If you are looking for a cute urban commuter that’s still capable for weekend excursions to the high country, the Jeep Renegade Trailhawk 4×4 could be the ticket. Renegade is unmistakably a Jeep with its tall, vertical sides, round headlights, and signature grille. What sets it apart is its compact size and wide stance.
Our tester came with the Trailhawk 4×4 package. It just wouldn’t be a Jeep without it, right? This week, we drove the 2017 Jeep Renegade Trailhawk 4×4. One thing is for sure: it’s ready to take you away from civilization.
What’s New For 2017 & 2018
The 2017 and 2018 Jeep Renegade essentially carried over from 2016 with the Trailhawk as the top trim. Xenon headlights, automatic high beams, and keyless ignition and entry are new features.
Features & Options
The 2017 Jeep Renegade Trailhawk 4×4 ($26,895) gets the full off-road package that includes hill descent control, a raised suspension, tow hooks, and underbody skid plates. It features 17-inch alloy wheels wrapped in all-terrain tires, unique exterior accents, a full-size spare, an upgraded driver information display, and a 115-volt power outlet. Our tester came complete with premium cloth upholstery, red interior stitching, a leather-wrapped shift knob, and a removable cargo floor panel.
We also had the optional navigation ($1,245) featuring a 6.5-inch touchscreen, HD radio, and Uconnect (includes extra safety features, a WiFi hotspot, and voice texting). A Cold Weather package ($545) included heated front seats, windshield wiper deicer, and a heated steering wheel. The Safety group ($645) included blind spot/cross path detection, a security alarm, and rear tonneau cover. It also came with remote start ($205).
Total MSRP including destination: $30,630.
The cabin of the Renegade is surprisingly roomy and comes with plenty of head, shoulder, and legroom. The shape of the Renegade helps give it an open feeling with good outward visibility for a compact vehicle. The front seats are comfortable and nicely bolstered. Renegade is wider than many small SUVs too.
The interior of the Trailhawk features some unique nods to Jeep’s past. This includes things like a Jeep grille on the speaker housing, a mud splash for the redline on the tach, and a Moab topography map on the storage tray ahead of the gearshift. The heated seats and steering wheel will be especially welcomed on cold winter mornings or when hitting the trails in the back country on a ski trip. There is some hard plastic inside but many surfaces are soft-touch vinyl.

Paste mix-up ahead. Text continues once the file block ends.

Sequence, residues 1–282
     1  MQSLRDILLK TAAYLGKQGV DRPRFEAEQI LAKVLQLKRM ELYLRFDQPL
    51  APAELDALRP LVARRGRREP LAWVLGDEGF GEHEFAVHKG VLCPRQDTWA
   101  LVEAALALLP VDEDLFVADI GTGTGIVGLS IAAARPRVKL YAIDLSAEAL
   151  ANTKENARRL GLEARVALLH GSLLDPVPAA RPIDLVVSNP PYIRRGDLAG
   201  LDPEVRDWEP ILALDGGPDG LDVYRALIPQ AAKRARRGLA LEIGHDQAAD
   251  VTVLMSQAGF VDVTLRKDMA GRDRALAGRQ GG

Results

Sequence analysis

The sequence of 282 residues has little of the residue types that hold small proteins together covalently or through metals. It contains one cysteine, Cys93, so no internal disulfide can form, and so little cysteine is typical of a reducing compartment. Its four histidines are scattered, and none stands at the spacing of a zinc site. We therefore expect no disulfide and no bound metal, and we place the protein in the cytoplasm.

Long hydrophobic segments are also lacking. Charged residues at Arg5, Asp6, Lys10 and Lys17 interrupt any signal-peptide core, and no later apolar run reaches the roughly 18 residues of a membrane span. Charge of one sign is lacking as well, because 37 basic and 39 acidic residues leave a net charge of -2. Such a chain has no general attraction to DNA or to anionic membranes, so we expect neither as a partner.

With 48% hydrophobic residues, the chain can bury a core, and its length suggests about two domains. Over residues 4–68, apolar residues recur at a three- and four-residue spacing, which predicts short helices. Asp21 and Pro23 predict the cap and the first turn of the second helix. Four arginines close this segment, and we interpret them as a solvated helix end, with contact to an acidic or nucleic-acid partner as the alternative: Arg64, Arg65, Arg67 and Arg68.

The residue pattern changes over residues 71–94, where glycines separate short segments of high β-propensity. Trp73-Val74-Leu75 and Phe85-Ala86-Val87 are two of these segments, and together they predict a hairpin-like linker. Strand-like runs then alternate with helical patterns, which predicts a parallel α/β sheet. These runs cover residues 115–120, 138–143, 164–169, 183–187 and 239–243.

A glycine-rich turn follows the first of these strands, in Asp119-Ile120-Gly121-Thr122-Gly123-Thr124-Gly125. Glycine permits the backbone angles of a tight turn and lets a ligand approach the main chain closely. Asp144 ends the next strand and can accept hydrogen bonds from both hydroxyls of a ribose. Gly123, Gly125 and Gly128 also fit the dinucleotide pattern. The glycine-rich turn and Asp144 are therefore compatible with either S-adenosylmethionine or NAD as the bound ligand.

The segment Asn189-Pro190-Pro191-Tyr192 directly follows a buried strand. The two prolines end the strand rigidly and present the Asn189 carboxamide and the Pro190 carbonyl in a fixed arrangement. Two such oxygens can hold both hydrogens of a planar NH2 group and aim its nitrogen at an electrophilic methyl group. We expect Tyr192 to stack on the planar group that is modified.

The back seats leave a little to be desired when it comes to room for adults, but this is a compact vehicle and not a full-size SUV. Storage capacity measures 18.5 cubic feet and cargo room is sizable behind the rear seat, which folds flat.
Engine & Fuel Mileage Specs
The 2017 Jeep Renegade Trailhawk features a 2.4-liter four-cylinder engine, two-speed transfer case, and off-road equipment. The 2.4-liter plant produces 180 horsepower and 175 lb-ft. of torque. It comes mated to a 9-speed automatic transmission driving all four wheels. The Renegade Trailhawk 4×4 comes in at 21/29 city/highway and 24 combined mpg according to EPA estimates.
Fuel economy rates middle of the pack for a compact SUV.
In the city, Renegade drives like a small SUV and is particularly easy to maneuver in traffic or when navigating tight parking lots. Take it out on the highway and it offers a smooth ride with enough power for most driving situations. We tested the Trailhawk at high altitudes, going up steep mountain roads, and felt the small Jeep was underpowered when we needed it most. The 2.4-liter could use a bit more torque for pulling up steep inclines – it has to rev high to achieve its peak torque.
For city driving, most commuters will have sufficient power to get around urban streets and highways, however. The nine-speed transmission is better than a CVT, but wanted to hunt for the right gear as we pushed it hard up I-70 at altitude. The small SUV handled the two-lane mountain roads comfortably, coping with the curves as we went. There was some body lean due to the higher profile, however.
The Trailhawk is designed for rugged terrain, and it can go off-road easily with its 8.7-inches of ground clearance. Though mostly quiet on paved roads, the off-road tires do contribute to a noisier ride at higher speeds. Heavy snow hit the Denver area this week but with a flip of the switch to 4-wheel high, we plowed through 8-inches of snow without issue. We felt confident in the vehicle’s ability to get us anywhere we need to go.
Those wanting a capable urban commuter, with ample cargo room, flexibility, and off-road capability, will find the Renegade Trailhawk is good entry-level Jeep. It’s sufficiently refined as well as pleasantly capable for urban living. For the occasional weekend warrior, the Trailhawk offers plenty to keep you comfortable and warm in the back country.
Denis Flierl has invested over 25 years in the automotive industry in a variety of roles. Follow his work on Twitter: @CarReviewGuy